Dither is a cleaning pulse applied to the pressure control solenoid, it is held high for longer than the PWM would normally allow, this allows extra fluid to circulate during times of extended low loads. The dither pulse is not enabled by default. If enabled, the default MShift™ dither values are for the GM 4L80E.

  7. What sort of signal does the shift lever send to the MShift™ controller to tell the trans what gear the driver has selected? Is it 3 or more digital (on/off) switches, or a varying voltage?

    With the 'Manual Lever Mode' setting, you can choose if the MShift™ controller uses:

    If your transmission uses digital inputs, you need to specify unique patterns for each and every gear (including park, neutral and reverse) in the 'Shift Input Patterns'. So you will want to be certain of the patterns your transmission puts out (this is often in the factory service manual).

    If your transmission uses a voltage based shift lever scheme, then you have to specify the voltage in each gear. MShift™ will determine the range of voltage from the values entered. So specify the middle of any applicable range if that's what you are able to find (this is often in the factory service manual).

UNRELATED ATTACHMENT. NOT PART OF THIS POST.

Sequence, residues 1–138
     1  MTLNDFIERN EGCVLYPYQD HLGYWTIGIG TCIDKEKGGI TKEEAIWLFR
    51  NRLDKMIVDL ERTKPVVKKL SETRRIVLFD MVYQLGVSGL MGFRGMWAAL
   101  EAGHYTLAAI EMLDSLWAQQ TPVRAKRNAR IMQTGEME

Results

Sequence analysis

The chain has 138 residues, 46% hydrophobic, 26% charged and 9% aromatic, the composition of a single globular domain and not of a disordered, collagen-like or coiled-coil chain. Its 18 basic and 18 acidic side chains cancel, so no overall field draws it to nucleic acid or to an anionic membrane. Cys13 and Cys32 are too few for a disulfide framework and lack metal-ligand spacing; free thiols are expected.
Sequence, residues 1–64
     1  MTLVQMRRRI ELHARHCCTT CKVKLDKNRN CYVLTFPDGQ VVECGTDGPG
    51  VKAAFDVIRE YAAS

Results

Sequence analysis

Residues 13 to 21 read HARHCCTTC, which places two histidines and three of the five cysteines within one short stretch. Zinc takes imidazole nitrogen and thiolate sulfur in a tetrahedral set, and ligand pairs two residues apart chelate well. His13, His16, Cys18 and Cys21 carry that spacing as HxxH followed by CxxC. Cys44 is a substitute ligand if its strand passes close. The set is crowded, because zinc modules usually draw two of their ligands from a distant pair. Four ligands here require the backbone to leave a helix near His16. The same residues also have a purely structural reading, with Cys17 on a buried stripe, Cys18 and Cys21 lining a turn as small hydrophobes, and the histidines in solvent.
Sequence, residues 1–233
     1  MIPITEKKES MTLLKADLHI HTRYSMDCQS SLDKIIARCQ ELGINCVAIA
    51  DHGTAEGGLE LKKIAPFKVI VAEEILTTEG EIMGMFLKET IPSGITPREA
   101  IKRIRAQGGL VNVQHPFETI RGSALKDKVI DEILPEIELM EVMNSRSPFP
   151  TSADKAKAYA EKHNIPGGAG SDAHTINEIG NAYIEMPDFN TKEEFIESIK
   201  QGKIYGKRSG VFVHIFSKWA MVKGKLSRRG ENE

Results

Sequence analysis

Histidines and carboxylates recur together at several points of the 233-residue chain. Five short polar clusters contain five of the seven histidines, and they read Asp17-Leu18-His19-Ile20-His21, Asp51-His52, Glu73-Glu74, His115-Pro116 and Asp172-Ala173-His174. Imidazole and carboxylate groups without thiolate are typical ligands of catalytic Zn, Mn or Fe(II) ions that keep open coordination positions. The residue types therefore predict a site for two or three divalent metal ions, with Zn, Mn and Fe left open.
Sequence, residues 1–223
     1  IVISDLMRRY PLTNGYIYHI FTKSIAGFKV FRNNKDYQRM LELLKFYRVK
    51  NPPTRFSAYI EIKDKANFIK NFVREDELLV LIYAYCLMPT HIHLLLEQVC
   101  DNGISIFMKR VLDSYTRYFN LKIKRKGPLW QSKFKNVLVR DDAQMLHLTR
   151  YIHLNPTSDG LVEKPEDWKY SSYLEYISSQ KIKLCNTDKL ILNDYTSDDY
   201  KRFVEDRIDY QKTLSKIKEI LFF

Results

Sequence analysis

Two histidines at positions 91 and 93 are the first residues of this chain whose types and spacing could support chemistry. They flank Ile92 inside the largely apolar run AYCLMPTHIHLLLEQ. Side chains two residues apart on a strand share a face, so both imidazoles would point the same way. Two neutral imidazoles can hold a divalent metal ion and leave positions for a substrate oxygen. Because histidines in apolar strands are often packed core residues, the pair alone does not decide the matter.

8. How many teeth are on the wheel for the VSS sensor?

    The vehicle speed sensor (VSS) tells the MShift™ controller how fast the vehicle is traveling. The MShift™ controller uses the 'number of teeth' parameter to determine the rpm of the output shaft (and factoring in the tire diameter and rear axle ratio it computes the vehicle speed).

    It uses this information for shifting, line pressure control, TCC lock-up, and a number of other important functions. So you will want to get the number of VSS teeth correct. However, if you can't find this value, you can 'calibrate' it later by entering the info you do know (such as the tire diameter and axle ratio), guessing your number of VSS teeth, and then comparing your speed to a known reference (mile post markers, another vehicle, GPS, etc.).

The tuning software guide to all the tuning parameters used for setting up and tuning a transmission using the V4 code is here: V41tune.html. However, not all optional parameters can be chosen simultaneously. Some options preclude the use of others.

If additional specific controls are needed to run your transmission, please discuss these requirements in detail on the MShift™ forum. If it is possible and there is sufficient demand, the new functions will be added to the code.

Once you have the operating parameters for you transmissions, you will need to sort out the electrical requirements. These have a direct bearing ion the build specifications for your GPIO board and the resulting BOM. There are lots of details on the GPIO circuits here:

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© 2010, 2013 Bruce Bowling and Al Grippo. All rights reserved. MegaSquirt® and MicroSquirt® are registered trademarks. This document is solely for the support of MegaSquirt® boards from Bowling and Grippo.